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Ocular manifestations of a metastatic adenocarcinoma in a horse


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F. L. Matheis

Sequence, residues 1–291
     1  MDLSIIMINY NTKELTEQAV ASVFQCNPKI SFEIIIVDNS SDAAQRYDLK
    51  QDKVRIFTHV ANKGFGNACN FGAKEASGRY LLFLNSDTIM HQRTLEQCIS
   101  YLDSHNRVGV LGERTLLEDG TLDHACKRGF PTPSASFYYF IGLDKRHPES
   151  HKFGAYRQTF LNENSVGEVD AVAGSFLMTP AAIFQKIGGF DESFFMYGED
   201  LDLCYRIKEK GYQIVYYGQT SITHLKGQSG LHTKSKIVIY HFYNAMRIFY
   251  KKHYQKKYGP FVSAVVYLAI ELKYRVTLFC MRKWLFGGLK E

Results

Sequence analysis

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A 10-year-old German Warmblood gelding was referred to the Equine Department of the Vetsuisse Faculty, University of Zurich, Switzerland, for an iris mass OD, lethargy, intermittent fever, and coughing. Ophthalmic examination revealed a 7 × 9 mm raised, fleshy, whitish to pinkish, vascularized iris mass at the 2 o`clock position OD. Fundic examination showed multifocal round, brown to black, slightly raised lesions with indistinct margins and a surrounding hyperreflective zone OU. Physical examination revealed a temperature of 39.2 °C, sinus tachycardia, preputial and ventral edema, and an enlarged right mandibular lymph node. Results of a complete blood count and plasma biochemical profile showed mild anemia, leukocytosis, and thrombocytopenia. Severe splenopathy, moderate splenomegaly, and severe pulmonary pathology with nodules and large areas of consolidated lung parenchyma were observed on abdominal ultrasound and thoracic radiographs, respectively. Fine needle aspirates of the enlarged mandibular lymph node showed malignant epithelial neoplastic cells. The horse was euthanized because of the poor prognosis and subsequently underwent postmortem examination. Macroscopic necropsy and histopathology revealed an adenocarcinoma of suspected pulmonary origin with involvement of eyes, heart, liver, kidneys, spleen, diaphragm, skeletal muscles, mandibular, pulmonary, and internal iliac lymph nodes. Metastatic adenocarcinoma should be considered as a differential diagnosis in horses with iris masses, multifocal chorioretinal infiltrates, and clinical signs that conform to a paraneoplastic syndrome.